Maryland Bar Bulletin
Publications : Bar Bulletin

September, 2004

Top HR Concerns Point to Evolution
of Benefits Program for Law Firms

By R. Dane Rianhard

Unlike in years past, many law firms now seem to feel that their benefits programs need to be on a par with other firms rather than having to outdo those offered by their competition. There also seems to be an awareness that there is value in investing in professionals and staff already working in the firm at least until the economy has hit full recovery and job growth continues to sustain itself over the next few years. The biggest challenge some law firms are encountering is effectively communicating the benefits they provide to their professionals and staff in a way that compares favorably with other firms.

In a policies and practices survey conducted by Mercer in 2003, data was gathered from approximately 600 large and mid-sized organizations throughout the country. Of the top 10 concerns listed by human resource professionals, many have remained the same over time; however, the prioritization of those concerns has shifted fairly significantly over the past five years. In working with law firms, it is clear that many of these concerns are transferable to the legal community and may help to frame the evolution of new benefits policies and programs for law firms looking to attract and retain top-notch lawyers and staff.

Top HR Concerns
(Mercer Policies and Practices Survey, 2003 Results and comments)

1. Managing Benefit Costs. With all the changes in the economy and the increase in healthcare costs, it is no great surprise that this is a top concern. In previous surveys over the past five years, this was a secondary or tertiary concern among professionals. Although there has been an apparent plateau in insurance rate increases over the past 12 months, a national trend of 12-13 percent increases is very significant, especially in larger law firms.

2. Employee Morale. Employers struggled with ways to keep employees happy in the late-’90s when there was a tight labor market, and then with the economy weakening, morale became more of an issue with layoffs and the subsequent recession. Recently, law firms have had to confront a cap to the pay structure for new associates in the wake of years of dramatic pay increases. Pulling in the reins on salary increases and keeping people motivated has become quite a challenge.

3. Retention of Professional Employees.

4. Accuracy of Market-pricing Data. This is an interesting dynamic that was barely on the list of concerns five years ago. With the advent of access to the Internet in the workforce, employees have the ability to obtain survey sources with market pricing standards for compensation. As a result, many employers find themselves needing to justify their pay levels to employees. It is very easy for all staff and attorneys to know what fair market value is for their respective job positions and many employees are making this information part of their review process to obtain salary or benefits increases.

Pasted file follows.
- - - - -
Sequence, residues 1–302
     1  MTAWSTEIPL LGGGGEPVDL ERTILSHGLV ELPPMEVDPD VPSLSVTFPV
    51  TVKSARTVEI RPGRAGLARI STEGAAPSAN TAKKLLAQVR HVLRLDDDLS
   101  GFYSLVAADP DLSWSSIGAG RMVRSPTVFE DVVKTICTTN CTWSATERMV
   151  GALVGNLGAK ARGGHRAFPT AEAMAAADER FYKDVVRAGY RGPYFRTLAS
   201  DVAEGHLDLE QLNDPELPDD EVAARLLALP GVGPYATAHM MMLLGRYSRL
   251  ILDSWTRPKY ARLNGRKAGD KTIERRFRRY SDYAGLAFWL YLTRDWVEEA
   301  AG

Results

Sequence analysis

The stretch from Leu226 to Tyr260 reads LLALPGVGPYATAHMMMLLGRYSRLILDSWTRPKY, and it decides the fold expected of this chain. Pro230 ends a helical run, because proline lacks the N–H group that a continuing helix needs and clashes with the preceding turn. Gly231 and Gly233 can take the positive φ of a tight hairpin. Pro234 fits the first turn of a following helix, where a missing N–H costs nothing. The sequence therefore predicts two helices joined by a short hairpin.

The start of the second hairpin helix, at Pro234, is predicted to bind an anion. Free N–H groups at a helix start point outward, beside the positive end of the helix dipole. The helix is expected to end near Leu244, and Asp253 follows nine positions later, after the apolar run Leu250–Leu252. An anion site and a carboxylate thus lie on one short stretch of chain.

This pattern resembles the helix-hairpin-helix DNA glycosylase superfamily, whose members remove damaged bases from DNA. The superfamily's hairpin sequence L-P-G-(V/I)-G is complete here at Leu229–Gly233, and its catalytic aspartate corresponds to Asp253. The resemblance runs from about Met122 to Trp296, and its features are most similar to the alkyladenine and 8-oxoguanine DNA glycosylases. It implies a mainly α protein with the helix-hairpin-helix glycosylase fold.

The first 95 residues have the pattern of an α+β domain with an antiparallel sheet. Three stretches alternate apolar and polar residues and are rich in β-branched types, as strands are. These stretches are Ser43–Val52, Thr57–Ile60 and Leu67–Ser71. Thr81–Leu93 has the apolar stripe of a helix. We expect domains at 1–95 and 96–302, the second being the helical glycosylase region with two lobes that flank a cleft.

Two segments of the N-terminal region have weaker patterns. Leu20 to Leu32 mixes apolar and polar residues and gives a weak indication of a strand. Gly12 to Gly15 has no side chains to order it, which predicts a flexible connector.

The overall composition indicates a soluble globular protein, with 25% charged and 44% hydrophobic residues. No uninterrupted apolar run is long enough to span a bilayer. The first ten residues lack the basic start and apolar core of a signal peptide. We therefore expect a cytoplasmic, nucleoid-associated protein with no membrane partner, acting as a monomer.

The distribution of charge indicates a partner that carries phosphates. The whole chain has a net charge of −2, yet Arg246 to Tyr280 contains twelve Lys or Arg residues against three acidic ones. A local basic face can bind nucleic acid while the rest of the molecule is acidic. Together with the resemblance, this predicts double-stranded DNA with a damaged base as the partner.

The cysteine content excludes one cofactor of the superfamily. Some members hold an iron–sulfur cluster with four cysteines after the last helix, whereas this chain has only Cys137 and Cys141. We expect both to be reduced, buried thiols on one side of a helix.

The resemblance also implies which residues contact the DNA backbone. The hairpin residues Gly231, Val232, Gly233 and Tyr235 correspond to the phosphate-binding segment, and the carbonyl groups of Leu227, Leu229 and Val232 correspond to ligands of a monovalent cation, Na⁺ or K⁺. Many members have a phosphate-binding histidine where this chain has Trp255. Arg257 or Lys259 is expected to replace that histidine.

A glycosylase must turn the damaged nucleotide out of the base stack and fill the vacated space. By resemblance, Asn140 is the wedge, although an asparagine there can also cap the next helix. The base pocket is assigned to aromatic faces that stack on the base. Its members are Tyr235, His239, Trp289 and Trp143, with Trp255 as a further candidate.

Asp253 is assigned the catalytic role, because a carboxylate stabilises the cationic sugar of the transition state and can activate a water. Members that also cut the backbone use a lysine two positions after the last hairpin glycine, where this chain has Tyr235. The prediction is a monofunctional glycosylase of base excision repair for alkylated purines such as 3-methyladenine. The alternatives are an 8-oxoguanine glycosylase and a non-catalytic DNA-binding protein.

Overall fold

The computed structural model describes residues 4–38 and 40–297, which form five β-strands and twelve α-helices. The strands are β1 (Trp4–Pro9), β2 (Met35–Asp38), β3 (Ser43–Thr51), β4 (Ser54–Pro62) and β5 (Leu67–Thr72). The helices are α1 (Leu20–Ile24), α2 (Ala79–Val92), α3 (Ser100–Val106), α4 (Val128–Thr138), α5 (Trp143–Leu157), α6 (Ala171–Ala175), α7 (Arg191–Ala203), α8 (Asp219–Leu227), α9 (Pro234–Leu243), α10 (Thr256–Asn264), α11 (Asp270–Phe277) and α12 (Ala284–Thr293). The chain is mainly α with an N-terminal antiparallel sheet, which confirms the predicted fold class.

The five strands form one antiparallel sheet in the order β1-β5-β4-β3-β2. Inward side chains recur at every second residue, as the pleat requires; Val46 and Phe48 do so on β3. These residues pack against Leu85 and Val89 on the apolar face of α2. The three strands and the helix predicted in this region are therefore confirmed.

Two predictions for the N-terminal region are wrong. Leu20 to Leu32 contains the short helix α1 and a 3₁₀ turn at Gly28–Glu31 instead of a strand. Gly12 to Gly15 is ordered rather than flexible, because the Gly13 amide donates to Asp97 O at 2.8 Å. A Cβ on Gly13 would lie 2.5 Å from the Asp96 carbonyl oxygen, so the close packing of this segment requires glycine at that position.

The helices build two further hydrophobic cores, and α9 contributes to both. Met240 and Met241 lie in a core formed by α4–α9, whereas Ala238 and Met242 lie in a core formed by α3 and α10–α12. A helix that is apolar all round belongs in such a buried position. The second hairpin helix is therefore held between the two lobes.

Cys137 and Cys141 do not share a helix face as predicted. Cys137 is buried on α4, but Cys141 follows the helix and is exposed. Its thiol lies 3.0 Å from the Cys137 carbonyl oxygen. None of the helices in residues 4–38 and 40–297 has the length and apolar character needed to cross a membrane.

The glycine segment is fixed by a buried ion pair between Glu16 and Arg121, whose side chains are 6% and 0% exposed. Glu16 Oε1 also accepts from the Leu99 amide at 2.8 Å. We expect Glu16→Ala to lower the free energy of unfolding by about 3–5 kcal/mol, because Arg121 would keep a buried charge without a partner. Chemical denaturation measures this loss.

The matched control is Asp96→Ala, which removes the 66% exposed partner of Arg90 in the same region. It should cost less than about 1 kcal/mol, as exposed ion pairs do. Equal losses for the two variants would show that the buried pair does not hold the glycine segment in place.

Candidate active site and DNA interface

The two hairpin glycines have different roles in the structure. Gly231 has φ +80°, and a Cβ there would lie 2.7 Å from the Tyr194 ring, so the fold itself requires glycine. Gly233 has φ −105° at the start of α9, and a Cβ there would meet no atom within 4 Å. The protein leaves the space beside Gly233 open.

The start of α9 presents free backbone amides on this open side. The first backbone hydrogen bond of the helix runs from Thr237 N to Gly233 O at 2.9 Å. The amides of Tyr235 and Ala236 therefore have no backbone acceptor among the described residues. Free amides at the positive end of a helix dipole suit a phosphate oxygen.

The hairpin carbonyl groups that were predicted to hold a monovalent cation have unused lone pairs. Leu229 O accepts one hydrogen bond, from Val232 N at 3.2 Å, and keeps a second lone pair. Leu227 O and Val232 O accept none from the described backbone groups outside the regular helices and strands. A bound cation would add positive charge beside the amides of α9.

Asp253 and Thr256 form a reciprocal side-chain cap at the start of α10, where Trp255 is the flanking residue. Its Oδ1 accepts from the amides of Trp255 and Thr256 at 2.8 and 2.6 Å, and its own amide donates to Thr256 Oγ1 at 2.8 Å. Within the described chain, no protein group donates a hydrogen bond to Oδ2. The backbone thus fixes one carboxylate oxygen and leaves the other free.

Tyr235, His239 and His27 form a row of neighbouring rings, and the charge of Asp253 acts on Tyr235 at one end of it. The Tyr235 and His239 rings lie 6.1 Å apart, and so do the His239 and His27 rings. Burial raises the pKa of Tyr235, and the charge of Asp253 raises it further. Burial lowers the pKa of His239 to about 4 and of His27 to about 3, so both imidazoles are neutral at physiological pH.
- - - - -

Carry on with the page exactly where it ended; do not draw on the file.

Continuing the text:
5. Relationship between Pay and Performance. While this concept is still of great interest to employers, many have found it difficult to measure performance and document it in connection with compensation.

6. Competitiveness of Total Compensation Package. Employers seem to be taking a more holistic approach to their “reward” programs. Career opportunities, benefits and pay are being looked at more broadly than in years past. “Quality of life” is becoming as important to employees and associates as salary was in the past. Many firms are concerned with providing adequate paid time off and other similar benefits to engender loyalty and satisfaction among employees in their workforce.

7. Productivity of the Workforce. With the economy remaining fairly stagnant over the past few years and some firm’s revenues following suit, it has been difficult for many organizations to grow. Many employers are trying to increase or keep revenues steady with fewer employees and by maximizing their internal efficiencies. One of the reasons some companies and firms are able to do so is that they invested very heavily in technology during the ’90s, which allows them to maximize the efforts of existing employees.

8. Competitiveness of the Benefits Package. While this may not be the primary issue in attracting and retaining quality people, it can be the tiebreaker between one law firm and another. Most employees do not expect the benefits to be much better than the marketplace, but it is very important that they are in line with other law firms in their geographic area and size range.

9. Internal Pay Equity.

10. Recruiting and Retaining Skilled Technical Workers. The survey also included a “compensation/benefits checklist,” which asks employers to reveal how they have reacted to more than 100 compensation and benefit programs. A few of the top benefits reportedly added recently include annual computerized benefit statements and long-term care insurance programs. Some of the benefits most frequently dropped included indemnity health insurance plans and pension plans.


R. Dane Rianhard is Coordinator of Group Benefits for FranklinMorris, exclusive Coordinating broker for the Bar Associations Insurance Agency, Inc. For more information regarding benefits programs, visit MSBA online at www.msba.org/departments/membership/baia/.
 

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Publications : Bar Bulletin: September, 2004

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